This piece contains spoilers for Borat Subsequent Moviefilm

When the trailer for Borat Subsequent Moviefilm made its debut this month, viewers had one seemingly unanswerable question about the follow-up to Sacha Baron Cohen’s transformational 2006 comedy Borat: Cultural Learnings of America for Make Benefit Glorious Nation of Kazakhstan: Who plays Borat’s daughter in the film?

According to press materials, the character—Borat’s sidekick, whose presence allows Cohen to infiltrate events and interview unsuspecting marks despite his fame—is played by an actress named Irina Novak. But it didn’t take long for online sleuths to realize that this name was a red herring. There is an actress named “Irina Novak,” but she bears a scant physical resemblance to the woman playing Borat’s daughter. Before the trailer even made its premiere, a fringe site alleged instead that the character was played by an actress named Maria Bakalova

It turns out that report was right on the money: Bakalova does indeed star as Borat’s 15-year-old daughter, Tutar (also known as Sandra Jessica Parker in the film). In the film, Borat attempts to offer her as a ceremonial gift to Vice President Mike Pence, part of a ploy to bring honor back to Kazakhstan. In the closing credits, Bakalova is given an “introducing” credit and is second-billed under Cohen.

So, who is Maria Bakalova? The actress, who is 24 years old (according to a birthdate listed on IMDb), was born in Bulgaria. Until now, she’s been virtually unknown to American audiences, though she’s appeared in a few Bulgarian films, including 2018’s Transgression and 2020’s Last Call

But whatever Bakalova lacks in prior experience, she more than makes up for it with sheer force of will. From her first scene in Borat Subsequent Moviefilm, where Tutar is trapped in a barn in Borat’s village—watching a (fake) animated movie about Melania Trump and her ascension from living in a “shithole country” to the White House—Bakalova matches Cohen step for step. She’s an ideal comic compliment for the merry prankster, especially as the film’s outlandish set pieces lock into place. In one truly uncomfortable sequence, after she ingests a plastic baby decoration from atop a cupcake, Bakalova and Cohen push an anti-abortion pastor to the edge as they try in vain to get him to “take” the baby out.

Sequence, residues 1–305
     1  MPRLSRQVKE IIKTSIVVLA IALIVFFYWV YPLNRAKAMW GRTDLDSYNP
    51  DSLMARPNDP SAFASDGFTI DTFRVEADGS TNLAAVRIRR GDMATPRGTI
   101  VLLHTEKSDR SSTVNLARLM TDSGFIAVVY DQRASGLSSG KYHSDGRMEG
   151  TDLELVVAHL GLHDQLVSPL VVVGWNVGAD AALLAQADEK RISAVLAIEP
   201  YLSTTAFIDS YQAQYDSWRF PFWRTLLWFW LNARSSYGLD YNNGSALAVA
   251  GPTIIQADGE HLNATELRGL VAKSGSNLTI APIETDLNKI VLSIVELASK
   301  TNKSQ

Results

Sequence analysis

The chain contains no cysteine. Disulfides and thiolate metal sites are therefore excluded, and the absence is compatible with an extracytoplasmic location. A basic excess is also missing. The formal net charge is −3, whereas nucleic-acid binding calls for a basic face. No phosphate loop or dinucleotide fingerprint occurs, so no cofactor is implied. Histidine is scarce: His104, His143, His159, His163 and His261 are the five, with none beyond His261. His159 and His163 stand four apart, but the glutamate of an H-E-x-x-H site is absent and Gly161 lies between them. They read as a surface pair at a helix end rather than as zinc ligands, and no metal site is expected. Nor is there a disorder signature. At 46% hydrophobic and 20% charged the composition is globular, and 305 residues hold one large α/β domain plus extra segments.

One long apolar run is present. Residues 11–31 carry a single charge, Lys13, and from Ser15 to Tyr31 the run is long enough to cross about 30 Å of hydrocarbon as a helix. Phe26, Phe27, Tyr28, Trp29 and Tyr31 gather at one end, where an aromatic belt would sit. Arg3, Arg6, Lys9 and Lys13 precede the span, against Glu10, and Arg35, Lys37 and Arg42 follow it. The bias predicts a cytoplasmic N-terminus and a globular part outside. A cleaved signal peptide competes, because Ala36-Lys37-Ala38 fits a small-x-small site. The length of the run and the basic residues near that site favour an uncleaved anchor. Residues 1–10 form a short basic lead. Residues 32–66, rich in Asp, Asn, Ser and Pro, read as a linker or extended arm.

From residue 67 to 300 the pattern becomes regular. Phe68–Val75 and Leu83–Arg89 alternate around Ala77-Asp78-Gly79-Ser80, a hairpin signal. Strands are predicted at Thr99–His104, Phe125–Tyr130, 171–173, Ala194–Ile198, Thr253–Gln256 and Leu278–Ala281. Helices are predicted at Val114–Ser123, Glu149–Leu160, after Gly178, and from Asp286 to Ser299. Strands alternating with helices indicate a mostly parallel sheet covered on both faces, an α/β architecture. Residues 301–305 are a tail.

And that cringe-worthy moment pales in comparison to what Bakalova does later. Toward the end of Borat Subsequent Moviefilm (read Vanity Fair’s review here), she’s tasked with interviewing Rudy Giuliani. Alone in a hotel suite with the former New York mayor, and dressed in an outfit befitting a Fox News anchor, Bakalova flirts with a more-than-willing Giuliani and gets him to say China “manufactured” the coronavirus. 

After Cohen, dressed as a sound operator, interrupts their interview, Bakalova and Giuliani retire to the bedroom with drinks in hand. She helps him remove his mic through his shirt. Giuliani asks for her phone number and e-mail address before patting her lower back as she bends down before him. But Bakalova never wavers, and just as Giuliani lays back on the bed—stuffing his hands down his pants—Cohen barges into the room and stops the interaction before it goes any further. “She’s 15. She’s too old for you,” he tells Giuliani, who quickly tries to leave.

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